One thing that you probably will see on the test is + operations involving a numeric value and a String value. These questions test your knowledge of the difference between the arithmetic + operator and the String + operator. The String + operator results in the concatenation of two String objects. For example, "abc" + "def" results in "abcdef". But what about, 10 + "0" or "2.4" + 2.5?
The rule that you should remember is that when one of the operands in a + operation is a String, then
the other operand is converted to a String. Therefore, 10 + "0" results in the String "100" and
"2.4" + 2.5 results in the String object "2.42.5". The other operand is converted to a String
object in one of two ways, depending on whether the operand is an object or a value of a primitive type.
If the other operand is an object, then its toString() method is invoked to convert it to a String
object. If the other operand is a value of a primitive type, then an object of the type's wrapper class is
created and the object's toString() method is invoked
to convert it to a String object.

Language Fundamentals : Main methods and Java program structure

The Structure of Java Programs
Java programs are composed of declarations of classes and interfaces. Classes define variables, which
provide named access to data, methods, which perform actions consisting of operations on the data,
and constructors, which create instances of classes, referred to as objects. Data items consist of
primitive data values—such as byte, char, and int values—and objects—such as arrays, I/O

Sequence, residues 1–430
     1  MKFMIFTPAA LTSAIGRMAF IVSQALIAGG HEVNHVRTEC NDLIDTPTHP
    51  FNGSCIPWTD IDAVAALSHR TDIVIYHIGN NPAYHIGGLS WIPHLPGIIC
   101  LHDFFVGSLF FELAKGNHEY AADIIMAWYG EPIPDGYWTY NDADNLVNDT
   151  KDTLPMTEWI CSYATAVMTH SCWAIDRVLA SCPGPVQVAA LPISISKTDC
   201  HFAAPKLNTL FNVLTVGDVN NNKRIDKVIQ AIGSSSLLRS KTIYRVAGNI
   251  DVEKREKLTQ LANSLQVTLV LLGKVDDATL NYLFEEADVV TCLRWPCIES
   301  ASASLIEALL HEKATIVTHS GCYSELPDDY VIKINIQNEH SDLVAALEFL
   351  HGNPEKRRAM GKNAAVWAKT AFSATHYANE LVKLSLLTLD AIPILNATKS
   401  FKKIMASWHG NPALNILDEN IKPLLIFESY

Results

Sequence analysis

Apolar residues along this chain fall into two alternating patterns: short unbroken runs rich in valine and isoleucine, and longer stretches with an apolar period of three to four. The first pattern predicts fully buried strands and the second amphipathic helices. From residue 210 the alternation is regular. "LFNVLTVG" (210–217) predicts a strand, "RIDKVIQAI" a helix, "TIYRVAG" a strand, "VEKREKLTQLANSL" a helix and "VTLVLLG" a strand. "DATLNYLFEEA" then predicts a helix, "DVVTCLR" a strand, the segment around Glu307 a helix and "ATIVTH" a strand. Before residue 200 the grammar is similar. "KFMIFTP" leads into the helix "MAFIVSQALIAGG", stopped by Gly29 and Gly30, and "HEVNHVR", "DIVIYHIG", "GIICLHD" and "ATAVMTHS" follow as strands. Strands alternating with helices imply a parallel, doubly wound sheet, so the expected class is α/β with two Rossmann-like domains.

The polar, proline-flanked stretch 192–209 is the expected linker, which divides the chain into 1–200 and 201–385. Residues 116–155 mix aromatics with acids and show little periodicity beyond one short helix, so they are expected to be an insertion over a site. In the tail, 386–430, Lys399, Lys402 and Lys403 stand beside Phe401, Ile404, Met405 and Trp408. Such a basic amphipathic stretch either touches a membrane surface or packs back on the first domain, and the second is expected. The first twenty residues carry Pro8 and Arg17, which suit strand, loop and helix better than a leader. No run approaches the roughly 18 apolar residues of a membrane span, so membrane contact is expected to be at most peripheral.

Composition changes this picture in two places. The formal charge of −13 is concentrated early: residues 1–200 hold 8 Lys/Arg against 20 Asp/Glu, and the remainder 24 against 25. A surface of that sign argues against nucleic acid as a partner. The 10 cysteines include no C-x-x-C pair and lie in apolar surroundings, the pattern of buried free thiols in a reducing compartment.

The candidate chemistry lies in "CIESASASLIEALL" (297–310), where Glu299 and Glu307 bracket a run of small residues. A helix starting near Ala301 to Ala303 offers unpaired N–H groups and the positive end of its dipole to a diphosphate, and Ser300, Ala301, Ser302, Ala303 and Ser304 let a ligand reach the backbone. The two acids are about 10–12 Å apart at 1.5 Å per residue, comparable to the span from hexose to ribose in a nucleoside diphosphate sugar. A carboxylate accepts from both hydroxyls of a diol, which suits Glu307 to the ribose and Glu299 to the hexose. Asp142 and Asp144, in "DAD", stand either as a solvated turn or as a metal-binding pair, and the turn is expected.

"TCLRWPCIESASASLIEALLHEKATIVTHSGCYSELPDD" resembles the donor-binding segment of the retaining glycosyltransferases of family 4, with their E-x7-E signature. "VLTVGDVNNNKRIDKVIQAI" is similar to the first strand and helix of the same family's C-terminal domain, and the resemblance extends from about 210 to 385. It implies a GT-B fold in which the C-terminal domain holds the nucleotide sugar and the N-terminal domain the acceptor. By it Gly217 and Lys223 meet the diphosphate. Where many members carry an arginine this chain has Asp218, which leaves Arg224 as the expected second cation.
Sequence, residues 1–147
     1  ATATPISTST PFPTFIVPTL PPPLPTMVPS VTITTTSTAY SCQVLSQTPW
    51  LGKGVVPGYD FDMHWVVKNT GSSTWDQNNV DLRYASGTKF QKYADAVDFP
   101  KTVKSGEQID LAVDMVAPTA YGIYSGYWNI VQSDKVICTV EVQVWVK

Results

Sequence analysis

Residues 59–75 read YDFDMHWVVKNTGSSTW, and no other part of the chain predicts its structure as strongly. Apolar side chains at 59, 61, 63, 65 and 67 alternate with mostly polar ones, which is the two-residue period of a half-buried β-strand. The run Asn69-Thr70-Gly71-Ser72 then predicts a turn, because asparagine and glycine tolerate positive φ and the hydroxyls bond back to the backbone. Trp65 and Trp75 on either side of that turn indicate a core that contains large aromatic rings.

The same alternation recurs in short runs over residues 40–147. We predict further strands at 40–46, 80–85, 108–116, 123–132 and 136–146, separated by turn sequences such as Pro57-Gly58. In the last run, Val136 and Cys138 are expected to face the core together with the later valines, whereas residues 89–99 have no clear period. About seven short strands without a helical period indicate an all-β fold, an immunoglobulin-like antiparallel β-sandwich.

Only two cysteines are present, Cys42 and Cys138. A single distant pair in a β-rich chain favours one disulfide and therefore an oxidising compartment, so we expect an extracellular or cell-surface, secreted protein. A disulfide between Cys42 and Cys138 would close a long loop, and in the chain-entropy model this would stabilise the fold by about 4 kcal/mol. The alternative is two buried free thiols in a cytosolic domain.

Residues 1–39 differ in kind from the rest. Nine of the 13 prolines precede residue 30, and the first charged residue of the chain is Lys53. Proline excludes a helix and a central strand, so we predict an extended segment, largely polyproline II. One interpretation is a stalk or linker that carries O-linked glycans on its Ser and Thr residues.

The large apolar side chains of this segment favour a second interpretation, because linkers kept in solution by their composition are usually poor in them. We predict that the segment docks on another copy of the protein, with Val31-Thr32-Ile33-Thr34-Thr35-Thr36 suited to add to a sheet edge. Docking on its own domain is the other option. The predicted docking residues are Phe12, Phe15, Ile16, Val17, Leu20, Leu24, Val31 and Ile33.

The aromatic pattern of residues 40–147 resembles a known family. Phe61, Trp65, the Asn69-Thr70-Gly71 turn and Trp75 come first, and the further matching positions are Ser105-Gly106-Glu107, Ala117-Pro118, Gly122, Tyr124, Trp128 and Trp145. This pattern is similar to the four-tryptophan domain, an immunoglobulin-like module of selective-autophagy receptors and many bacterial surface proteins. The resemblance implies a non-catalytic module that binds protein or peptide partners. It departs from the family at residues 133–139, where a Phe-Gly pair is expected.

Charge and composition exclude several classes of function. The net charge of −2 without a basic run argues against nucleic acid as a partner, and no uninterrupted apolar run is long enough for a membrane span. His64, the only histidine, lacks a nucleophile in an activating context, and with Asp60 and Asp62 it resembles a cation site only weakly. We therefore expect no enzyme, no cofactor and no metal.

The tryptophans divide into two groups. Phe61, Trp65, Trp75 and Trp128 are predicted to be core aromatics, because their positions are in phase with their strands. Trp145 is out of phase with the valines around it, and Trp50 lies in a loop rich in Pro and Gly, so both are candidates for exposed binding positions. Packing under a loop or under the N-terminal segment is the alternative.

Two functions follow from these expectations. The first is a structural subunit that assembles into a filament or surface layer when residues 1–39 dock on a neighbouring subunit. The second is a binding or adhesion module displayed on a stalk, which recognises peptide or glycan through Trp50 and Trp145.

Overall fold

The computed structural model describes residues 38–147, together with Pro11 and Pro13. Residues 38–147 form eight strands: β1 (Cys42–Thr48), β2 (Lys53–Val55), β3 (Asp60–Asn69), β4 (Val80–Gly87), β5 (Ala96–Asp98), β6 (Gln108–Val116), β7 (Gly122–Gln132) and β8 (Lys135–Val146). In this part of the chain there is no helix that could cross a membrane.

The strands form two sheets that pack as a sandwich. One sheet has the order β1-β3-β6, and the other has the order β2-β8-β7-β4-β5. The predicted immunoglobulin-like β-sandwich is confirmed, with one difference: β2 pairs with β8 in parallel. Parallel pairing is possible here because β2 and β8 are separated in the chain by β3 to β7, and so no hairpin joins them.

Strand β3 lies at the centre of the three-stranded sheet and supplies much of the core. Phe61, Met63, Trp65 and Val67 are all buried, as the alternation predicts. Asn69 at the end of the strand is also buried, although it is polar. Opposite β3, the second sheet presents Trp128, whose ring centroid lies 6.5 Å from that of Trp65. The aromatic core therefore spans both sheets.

streams, and GUI elements.

Interfaces define collections of methods that are implemented by classes. They are also used to define
constants, which are data values that cannot be changed.
Java programs are written using one or more compilation units, which are Java source code files. Every
source code file consists of the name of a class or interface followed by the .java extension. Since java identifiers are case-sensitive, source code filenames are also case-sensitive.

Source file : Each source code file may contain at most one public class or interface. If a class or interface is
declared as public, the source code filename must be the name of the class or interface (followed by
the .java extension). If a source code file does not contain a public class or interface, it may take on
a name that is different from its classes and interfaces.

Identifying Packages
Java classes and interfaces are organized into packages. Packages provide a naming context for
classes and interfaces. In other words, packages enable different programmers (or even the same
programmer) to create classes and interfaces with the same name. For example, if you and I both
create a class named Cool and then use the two different versions of Cool in the same program, the
compiler and runtime system won't know which version to use. But, if I put my Cool class in the My
package, and you put your Cool class in the You package, the compiler and runtime system will have
no problem, as long as we refer to Cool using its package name.
Packages are identified by the package statement. It must appear as the first statement in a source
code file
package packageName;
Note Use of Packages In addition to being used as a naming context, packages are used to organize related classes and interfaces into a single API unit to which access may be controlled.